Ribotides
5’nucleotides Guanosine monophosphate Inosine monophosphate Known as flavor “potentiators” Synergistic response with MSG GMP > IMP usual substitution - 5% of MSG Uses: savory and snack foods

MSG and Nucleotide Content of Some Foods (mg%)
Food Beef Pork Chicken Clam Shitake mushr. Squid Grape Tomato MSG 42 29 56 8 296 300 53 44 5 IMP 163 186 115 286 0 0 0 0 GMP 3.7 2.2 0 0 216 0 0 AMP 7.5 8.6 13.1 Tuna 5.9 12 321 184 1

Stability of Nucleotides During Heat Processing
Compound % Recovery

IMP 52 GMP 36 Inosine 90 Guanosine 95 (60 min. at 124 C, pH 4.5)
(Nguyen and Sporns, JFS 50 (1985) 812-814,822.)

Stability of Enhancers
Sample Compound "Soup"
MSG IMP GMP (30 min. at 124 C, pH 5)

%Recovery
94 72 57

Maillard Reaction
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Can produce up to 150 different flavor compounds Different amino acids produce different flavor profiles One example is cheese crackers
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Most of the flavor of cheese crackers is from pH and salt – Maillard products can differentiate the different crackers

Pyrolysis
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Requires sugars and high temperature processing The flavor notes of carament is one example

Delivery Systems For Flavors
l. Neat 2. Solutions
Oil Soluble Solutions In vegetable oils, animal fats Water 'Soluble Solutions In alcohol, propylene glycol, glycerin

3. Emulsions
Gum arabic, modified starch stabilized Emulsifier stabilized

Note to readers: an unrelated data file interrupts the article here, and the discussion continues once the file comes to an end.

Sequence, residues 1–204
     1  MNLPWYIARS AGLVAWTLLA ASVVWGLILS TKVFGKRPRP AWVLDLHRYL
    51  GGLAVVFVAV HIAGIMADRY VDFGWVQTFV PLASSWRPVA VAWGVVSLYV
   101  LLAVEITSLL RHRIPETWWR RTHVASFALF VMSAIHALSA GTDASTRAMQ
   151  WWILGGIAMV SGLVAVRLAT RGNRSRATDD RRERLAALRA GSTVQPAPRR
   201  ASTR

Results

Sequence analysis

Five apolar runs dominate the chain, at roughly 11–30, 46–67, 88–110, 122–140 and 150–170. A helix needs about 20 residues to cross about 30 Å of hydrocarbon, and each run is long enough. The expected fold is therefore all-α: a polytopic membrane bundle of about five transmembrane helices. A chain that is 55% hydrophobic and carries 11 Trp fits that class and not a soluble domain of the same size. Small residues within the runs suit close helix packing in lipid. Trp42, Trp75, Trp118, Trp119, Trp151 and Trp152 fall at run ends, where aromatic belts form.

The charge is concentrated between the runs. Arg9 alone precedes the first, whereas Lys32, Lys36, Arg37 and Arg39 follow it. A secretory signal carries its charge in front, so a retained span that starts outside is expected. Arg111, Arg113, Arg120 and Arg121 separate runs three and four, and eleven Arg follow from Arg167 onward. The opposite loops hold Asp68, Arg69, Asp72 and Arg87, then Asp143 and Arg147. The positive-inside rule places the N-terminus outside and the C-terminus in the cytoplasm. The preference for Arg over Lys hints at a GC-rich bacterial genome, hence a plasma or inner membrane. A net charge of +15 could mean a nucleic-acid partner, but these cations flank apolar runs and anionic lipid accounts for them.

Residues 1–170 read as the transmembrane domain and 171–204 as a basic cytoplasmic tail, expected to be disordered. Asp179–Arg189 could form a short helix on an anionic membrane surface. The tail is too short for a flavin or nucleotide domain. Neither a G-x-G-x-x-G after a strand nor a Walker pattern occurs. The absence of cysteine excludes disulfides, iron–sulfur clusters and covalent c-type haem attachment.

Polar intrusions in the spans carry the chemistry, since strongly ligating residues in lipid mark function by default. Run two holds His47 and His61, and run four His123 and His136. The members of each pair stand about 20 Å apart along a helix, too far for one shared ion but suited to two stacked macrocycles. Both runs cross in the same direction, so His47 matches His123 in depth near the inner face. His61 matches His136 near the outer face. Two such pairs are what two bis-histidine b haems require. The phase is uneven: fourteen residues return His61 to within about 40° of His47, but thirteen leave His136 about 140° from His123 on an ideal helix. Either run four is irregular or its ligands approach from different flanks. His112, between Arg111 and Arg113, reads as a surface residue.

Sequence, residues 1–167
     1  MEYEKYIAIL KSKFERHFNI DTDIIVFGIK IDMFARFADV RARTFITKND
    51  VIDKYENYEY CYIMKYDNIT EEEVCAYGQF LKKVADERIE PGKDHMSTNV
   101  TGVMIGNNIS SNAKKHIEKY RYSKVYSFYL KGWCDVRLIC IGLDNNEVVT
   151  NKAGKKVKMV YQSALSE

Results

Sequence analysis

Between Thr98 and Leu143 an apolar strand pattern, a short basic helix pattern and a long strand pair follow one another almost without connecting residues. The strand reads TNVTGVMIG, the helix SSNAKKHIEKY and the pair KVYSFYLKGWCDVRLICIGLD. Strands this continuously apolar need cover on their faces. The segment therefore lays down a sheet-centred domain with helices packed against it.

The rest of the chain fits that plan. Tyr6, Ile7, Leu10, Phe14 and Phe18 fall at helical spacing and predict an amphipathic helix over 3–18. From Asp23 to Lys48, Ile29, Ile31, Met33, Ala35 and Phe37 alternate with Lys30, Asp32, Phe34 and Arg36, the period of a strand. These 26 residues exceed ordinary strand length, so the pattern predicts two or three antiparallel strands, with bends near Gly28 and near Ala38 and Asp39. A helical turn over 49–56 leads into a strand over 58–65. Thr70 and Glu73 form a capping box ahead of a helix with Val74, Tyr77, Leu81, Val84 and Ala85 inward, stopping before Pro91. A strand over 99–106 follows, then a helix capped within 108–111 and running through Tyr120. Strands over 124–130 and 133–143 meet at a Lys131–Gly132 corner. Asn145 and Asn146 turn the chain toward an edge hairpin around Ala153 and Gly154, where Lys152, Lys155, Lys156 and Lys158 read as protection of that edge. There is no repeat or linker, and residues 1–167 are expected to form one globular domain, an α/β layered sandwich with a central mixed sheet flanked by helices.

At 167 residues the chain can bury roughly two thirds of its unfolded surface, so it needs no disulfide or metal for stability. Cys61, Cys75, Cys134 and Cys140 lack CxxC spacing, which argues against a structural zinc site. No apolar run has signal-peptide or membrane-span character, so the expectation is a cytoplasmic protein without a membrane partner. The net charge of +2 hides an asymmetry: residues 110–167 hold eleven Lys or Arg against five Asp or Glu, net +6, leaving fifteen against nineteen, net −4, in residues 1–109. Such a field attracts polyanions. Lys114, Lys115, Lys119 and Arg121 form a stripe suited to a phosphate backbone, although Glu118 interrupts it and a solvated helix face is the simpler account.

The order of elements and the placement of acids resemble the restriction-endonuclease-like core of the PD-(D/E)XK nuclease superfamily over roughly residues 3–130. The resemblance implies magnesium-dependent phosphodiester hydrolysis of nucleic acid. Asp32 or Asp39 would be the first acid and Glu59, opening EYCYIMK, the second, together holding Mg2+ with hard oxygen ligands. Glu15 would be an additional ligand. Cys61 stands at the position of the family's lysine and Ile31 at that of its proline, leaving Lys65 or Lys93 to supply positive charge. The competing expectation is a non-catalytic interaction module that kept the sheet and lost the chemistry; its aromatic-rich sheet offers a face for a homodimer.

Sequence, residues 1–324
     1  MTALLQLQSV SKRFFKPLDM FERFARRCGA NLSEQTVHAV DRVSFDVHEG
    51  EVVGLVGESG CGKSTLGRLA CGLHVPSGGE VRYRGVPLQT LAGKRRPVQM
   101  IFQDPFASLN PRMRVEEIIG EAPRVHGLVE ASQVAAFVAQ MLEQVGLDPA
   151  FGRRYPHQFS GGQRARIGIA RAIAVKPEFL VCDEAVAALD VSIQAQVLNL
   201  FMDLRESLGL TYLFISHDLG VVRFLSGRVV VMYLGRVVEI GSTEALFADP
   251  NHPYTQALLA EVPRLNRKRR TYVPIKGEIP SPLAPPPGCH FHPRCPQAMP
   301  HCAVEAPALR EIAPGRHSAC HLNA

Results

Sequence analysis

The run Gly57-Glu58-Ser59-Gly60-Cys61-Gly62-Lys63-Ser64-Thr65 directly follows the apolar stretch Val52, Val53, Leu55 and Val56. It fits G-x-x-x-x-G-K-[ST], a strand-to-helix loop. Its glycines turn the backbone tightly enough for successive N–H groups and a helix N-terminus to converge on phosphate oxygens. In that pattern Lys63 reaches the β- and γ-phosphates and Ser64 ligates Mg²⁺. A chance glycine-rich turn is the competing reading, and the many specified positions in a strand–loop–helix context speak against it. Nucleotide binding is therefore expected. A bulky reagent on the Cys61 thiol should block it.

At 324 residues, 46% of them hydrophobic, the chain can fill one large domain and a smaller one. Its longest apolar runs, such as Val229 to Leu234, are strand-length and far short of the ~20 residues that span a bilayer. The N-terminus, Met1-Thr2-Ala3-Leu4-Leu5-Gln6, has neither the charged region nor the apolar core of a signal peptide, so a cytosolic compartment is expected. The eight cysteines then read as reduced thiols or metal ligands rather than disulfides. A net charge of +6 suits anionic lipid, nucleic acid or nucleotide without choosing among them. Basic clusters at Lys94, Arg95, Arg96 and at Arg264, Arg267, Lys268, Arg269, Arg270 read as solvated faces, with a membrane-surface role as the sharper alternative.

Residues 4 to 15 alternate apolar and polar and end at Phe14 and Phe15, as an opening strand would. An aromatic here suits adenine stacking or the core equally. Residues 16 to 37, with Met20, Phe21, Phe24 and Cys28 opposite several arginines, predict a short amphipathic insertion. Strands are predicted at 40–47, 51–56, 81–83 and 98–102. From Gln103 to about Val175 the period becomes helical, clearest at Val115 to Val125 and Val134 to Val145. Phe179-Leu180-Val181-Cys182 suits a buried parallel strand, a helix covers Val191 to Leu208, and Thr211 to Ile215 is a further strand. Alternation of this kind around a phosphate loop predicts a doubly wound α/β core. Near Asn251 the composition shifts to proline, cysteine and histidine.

Density balancers
Brominated Vegetable oil (BVO) 1.23-1.33g/mL Glyceryl abietate (Glycerol esters of wood rosin, not on label -ester gum) 1.10 g/mL

4. Solids
Coated onto solids
maltodextrins, sugars, cellulose, etc.

Encapsulated
Fat Carbohydrate (gum arabic,, modified food starch) Gelatin

Technical Problems With Flavors
1. Stability of concentrate/solution a. Oxidation b. Loss of more volatile components c. Physical separation d. chemical interactions 2. Flavor quality a. Lack of notes b. Harshness

c. Incompatibility with other flavors in product

Technical Problems With Flavors
3. Carry through stability in product
a. Volatilization
Heat Vacuum "Salting out"

b. Partitioning between water and oil

Technical Problems With Flavors
3. Carry through stability in product
c. Reaction, with other components
Maillard reactions - aldehydes, ketones, sugars, amines Esterification Hydrolysis

d. Packaging
Permeability to flavors, oxygen Adsorption to polymers Light

Technical Problems With Flavors
4. Authentication / labeling / legality 21CFR 100.22

Density Balancers
Brominated Vegetable oil (BVO) 1.23-1.33g/mL Glyceryl abietate (Glycerol esters of wood rosin, not on label -ester gum)

Choosing a Flavor
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Cost What do you want?
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Match a product Natural Heat Pressure Mixing Precise description

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Processing issues
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Product issues
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Interaction with other components
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Adsorption Reaction – Maillard, esterification etc
Fat vs water solubility Need to mask other flavors

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Compatibility with matrix
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Partition within the product

Packaging Issues
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Light Oxygen Scalping

Safety Issues
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FEMA GRAS Allegenicity

Marketing Issues
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Natural 21 CFR 100.22